Using Grief as an Inspiration to Help Others

One of the sweetest people I have ever met is Mary Stansell.  Mary was a coworker who worked in a respite care program for elderly people with memory loss, from Alzheimer’s disease and Dementia.  Mary did not just work her 8am to 5pm shift.  She left her house at 6am to drive across town to pick up a few of the program participants whose loved one was having trouble getting to the program.  On the weekends, she provided free respite care in her home for some families who were struggling.  At the end of the day, if a family caregiver was late leaving work, she would wait, on her own time, until they arrived and not charge the late fee.  And she never complained.

See, Mary is a tough cookie.  She left her southern home on a Greyhound bus.  With the clothes she could fit in her suitcase, along with her gun, and her four young children.  She escaped violence and fear for hope and peace in California.  Along the way, she met and married the love of her life, Charles.  He was an intelligent, educated man, who she loved with all of her heart.  They enjoyed dancing, laughing, loving, and living life together.  Then one day, Charles was diagnosed with Alzheimer’s disease, and the slow, declining abilities and memory loss would follow.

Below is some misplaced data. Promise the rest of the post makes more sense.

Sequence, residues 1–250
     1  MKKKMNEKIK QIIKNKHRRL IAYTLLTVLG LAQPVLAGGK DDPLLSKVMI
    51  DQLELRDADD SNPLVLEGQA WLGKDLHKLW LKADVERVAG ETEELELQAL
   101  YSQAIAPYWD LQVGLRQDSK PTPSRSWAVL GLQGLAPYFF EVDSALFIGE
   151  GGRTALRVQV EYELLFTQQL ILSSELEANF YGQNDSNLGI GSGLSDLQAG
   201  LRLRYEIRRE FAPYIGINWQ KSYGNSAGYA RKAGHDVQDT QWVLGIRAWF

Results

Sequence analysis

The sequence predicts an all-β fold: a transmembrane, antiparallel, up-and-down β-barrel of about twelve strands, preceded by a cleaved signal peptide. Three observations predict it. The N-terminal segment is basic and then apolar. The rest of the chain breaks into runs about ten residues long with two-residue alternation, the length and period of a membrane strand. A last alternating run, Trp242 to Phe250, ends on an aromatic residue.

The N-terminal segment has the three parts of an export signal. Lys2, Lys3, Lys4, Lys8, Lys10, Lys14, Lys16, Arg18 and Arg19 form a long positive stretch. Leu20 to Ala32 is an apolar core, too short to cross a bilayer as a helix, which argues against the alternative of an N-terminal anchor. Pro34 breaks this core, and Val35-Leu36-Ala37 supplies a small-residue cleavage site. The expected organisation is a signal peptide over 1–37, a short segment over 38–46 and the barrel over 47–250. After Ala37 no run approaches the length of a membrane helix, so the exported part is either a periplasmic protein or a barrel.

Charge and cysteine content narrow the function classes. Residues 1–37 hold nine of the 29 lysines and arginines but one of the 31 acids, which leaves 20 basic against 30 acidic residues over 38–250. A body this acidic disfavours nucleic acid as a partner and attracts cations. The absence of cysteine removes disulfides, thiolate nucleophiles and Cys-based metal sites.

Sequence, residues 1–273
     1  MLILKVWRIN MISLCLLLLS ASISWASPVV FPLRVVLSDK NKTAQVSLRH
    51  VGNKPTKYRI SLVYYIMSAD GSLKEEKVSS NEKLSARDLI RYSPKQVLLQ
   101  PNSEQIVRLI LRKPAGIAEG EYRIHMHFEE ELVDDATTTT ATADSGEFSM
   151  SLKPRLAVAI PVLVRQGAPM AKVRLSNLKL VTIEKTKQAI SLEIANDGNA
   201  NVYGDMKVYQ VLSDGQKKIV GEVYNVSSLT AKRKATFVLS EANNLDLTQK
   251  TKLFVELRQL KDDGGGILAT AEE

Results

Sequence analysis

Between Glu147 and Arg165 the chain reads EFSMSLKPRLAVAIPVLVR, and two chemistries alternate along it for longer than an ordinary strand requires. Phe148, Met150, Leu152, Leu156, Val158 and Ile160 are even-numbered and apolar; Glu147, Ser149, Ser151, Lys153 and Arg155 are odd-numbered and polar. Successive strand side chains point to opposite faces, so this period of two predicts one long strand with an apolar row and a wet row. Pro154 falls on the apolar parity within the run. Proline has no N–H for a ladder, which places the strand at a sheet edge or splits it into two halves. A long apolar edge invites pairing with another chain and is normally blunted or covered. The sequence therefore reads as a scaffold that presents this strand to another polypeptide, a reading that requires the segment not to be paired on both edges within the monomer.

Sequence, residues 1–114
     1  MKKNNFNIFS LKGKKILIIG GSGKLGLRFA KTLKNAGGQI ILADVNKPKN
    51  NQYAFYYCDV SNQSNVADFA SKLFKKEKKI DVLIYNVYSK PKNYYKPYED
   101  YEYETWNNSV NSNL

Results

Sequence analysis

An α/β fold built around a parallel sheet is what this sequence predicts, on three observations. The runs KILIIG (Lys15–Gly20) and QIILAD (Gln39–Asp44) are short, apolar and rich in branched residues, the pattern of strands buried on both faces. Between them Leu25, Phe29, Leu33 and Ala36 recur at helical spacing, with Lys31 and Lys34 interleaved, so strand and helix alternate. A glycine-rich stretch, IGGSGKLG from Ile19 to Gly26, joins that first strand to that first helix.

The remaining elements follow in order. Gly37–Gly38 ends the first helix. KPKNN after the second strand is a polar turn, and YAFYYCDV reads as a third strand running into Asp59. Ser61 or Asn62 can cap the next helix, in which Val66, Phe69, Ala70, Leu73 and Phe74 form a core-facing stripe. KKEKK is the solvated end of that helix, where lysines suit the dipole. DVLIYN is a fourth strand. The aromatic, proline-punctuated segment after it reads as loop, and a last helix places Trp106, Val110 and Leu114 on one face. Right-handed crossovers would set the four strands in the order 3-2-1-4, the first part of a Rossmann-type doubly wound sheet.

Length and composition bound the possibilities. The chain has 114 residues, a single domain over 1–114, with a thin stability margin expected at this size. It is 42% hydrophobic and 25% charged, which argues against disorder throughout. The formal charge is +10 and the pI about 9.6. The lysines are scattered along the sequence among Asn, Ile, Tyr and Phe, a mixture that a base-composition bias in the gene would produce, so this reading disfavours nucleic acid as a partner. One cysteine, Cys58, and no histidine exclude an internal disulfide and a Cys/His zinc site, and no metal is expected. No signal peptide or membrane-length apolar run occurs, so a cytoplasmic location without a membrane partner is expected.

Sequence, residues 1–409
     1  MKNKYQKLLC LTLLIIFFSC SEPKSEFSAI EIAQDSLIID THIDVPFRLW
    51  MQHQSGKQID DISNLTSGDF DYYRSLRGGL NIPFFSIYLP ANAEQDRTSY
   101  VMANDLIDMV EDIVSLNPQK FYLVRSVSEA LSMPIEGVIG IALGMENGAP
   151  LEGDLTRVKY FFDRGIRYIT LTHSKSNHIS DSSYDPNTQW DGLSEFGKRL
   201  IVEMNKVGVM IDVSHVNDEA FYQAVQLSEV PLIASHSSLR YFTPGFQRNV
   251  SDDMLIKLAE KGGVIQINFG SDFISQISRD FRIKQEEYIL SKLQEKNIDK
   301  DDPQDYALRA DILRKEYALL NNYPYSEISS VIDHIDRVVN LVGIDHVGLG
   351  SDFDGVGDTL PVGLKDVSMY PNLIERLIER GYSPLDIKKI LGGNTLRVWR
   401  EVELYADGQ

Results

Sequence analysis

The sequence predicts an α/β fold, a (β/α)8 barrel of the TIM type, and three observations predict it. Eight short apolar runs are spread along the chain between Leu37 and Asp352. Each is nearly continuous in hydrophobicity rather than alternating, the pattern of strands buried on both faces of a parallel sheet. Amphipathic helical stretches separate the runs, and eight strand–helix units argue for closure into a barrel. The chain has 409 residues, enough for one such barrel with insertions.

But it was not Mary’s way to grieve over it.  And, in the plan for her husband’s care as time and the disease progresses, she was determined to be his primary caregiver.  She would do whatever she had to do to care for him.  So, she found work in a respite care program where Charles could attend.  She was able to keep him close while she was at work. 

She learned everything she could about the disease, and used her knowledge to help other families dealing with memory loss of a loved one.  She consoled the wife whose husband no longer recognized her face.  The son who feared his father had forgotten a wife and mother who had passed.  The daughter whose mother forgot more each day.  The caregivers who arduously provide care to a loved one in addition to working a full-time job.  Mary did these things outside of her work.  On her own time.  She lived the disease.  She loved those who fell victim to it, and she fought in the trenches alongside those who knew her pain. 

Grief from trauma, whether it is after the passing of a loved one from a terminal illness, abuse, neglect, or other experience, a great healer is volunteering to help those who are where you have been.  Some of the best and most effective volunteers are those who can empathize with people in the trenches today.  You know their fear, their hopes, their sadness, and most importantly their needs.  

We all have experienced trauma…loss of a loved one to terminal illness, aging, or accident.  Some have experienced bad childhoods, disabilities, academic struggles, and more.  Find an organization that serves a need for those today where you have been before. 

Make YOUR difference in the world…Volunteer!

Alzheimer’s Association

Full Circle 

Good Grief Center – 20 Tips for Bereavement Support

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09.24.2008 – Fighting Cancer for Those Who Cannot

betty2

Betty Seise, My “Second Mom”